How to Cite Meeting Minutes in APA Style
When a company or other organization conducts a meeting, a secretary takes minutes, or written notes recording what is discussed in the meeting. These minutes are a helpful tool for organization members or outside researchers to find past information about that organization's activities. If you are writing a paper about a company, referencing its meeting minutes shows your reader that company's internal processes. When you reference minutes in your paper, cite them using the proper American Psychological Association, or APA, style. A solid citation will let your reader know where your information comes from.
If a source is referenced in your paper, its information is placed on a reference page after the last page of your paper. First you'll need to name the author of the minutes. This is recorded as the last name of the author, followed by a comma and his first -- and middle, if applicable -- initials. For minutes, the author will be the secretary who took those minutes:
If you do not have the secretary's information, use the name of the organization instead, followed by a period:
National Citation Foundation.
Include the date of the meeting in parentheses. This should be formatted as the year followed by a comma, then the month and day of the meeting. Place a period outside the parentheses:
(1998, March 9).
Include the title of the meeting in italics, followed by a period. Capitalize only the first word of the meeting title and the first word of any subtitles. Proper nouns should always be capitalized:
Meeting of the APA senior management: J. Gunther presiding.
Include the location from which you retrieved the minutes. If you retrieved them from company archives, include the organization location and the name, separated by a colon and followed by a period:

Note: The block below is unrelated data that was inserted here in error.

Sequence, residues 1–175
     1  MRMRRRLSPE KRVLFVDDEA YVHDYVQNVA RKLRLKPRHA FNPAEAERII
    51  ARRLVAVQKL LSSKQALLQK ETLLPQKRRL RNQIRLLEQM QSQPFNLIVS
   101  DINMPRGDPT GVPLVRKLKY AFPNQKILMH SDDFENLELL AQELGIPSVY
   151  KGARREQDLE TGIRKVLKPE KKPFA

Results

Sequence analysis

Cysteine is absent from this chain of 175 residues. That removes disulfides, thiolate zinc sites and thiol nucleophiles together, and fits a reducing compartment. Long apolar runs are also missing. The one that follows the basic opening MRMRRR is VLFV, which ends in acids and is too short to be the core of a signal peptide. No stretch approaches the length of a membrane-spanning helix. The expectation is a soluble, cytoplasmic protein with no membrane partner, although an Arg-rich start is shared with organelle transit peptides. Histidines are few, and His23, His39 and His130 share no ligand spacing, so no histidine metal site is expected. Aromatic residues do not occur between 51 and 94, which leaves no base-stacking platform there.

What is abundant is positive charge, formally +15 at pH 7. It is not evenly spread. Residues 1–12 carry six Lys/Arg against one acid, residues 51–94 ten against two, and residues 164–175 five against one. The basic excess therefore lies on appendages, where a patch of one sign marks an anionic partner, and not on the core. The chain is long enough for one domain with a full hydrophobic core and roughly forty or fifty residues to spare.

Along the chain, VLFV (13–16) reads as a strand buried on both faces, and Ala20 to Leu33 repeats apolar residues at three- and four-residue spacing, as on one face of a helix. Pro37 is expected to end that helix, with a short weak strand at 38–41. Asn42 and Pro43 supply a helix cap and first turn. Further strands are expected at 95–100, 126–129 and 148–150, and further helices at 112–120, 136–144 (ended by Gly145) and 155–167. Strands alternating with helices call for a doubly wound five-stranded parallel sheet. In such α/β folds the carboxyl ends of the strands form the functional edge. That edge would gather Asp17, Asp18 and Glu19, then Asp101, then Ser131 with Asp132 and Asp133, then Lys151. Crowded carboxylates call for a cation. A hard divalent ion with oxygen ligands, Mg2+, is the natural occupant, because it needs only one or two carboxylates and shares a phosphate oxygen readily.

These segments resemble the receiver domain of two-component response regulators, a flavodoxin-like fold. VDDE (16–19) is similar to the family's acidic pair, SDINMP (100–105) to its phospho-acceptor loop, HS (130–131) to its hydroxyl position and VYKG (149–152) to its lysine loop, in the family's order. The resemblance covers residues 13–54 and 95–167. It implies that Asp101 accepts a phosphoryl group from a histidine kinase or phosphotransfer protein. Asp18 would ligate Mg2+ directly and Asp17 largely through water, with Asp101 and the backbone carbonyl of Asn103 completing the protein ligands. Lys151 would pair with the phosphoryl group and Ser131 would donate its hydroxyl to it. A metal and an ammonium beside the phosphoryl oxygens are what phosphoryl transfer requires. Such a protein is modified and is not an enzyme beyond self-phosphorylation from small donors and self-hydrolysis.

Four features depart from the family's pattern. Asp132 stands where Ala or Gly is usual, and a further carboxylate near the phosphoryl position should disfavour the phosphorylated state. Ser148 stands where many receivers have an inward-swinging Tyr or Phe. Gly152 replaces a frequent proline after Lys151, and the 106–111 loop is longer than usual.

Washington, DC: National Science Foundation.
If you listed the author of the minutes as the organization, you can simply include "Author" in place of the organization name.
Washington, DC: Author.
If you retrieved the minutes from a website instead of the company archives, write out "Retrieved from" followed by the URL for the minutes and a period.
When you reference or quote minutes in the body of your text, include an in-text citation after the phrase or sentence in which you referenced your source.
Place an open parenthesis after the last word in your sentence. The first piece of information in your in-text citation is the name of the minutes' author. Use the last name of the secretary or the name of the company.
Place a comma after the author's name, then include the year of the minutes. You do not need to note the minutes' month or day.
If you directly quote the source in your paper, place a comma after the year, and include the page number(s) of the minutes on which the quote appears. Use "p." before the page number if only one page is cited or "pp." if you are citing multiple pages.
Place a close parentheses at the end of your in-text citation. The period for a sentence should appear after the close parentheses of the in-text citation.
Jon Zamboni began writing professionally in 2010. He has previously written for The Spiritual Herald, an urban health care and religious issues newspaper based in New York City, and online music magazine eBurban. Zamboni has a Bachelor of Arts in religious studies from Wesleyan University.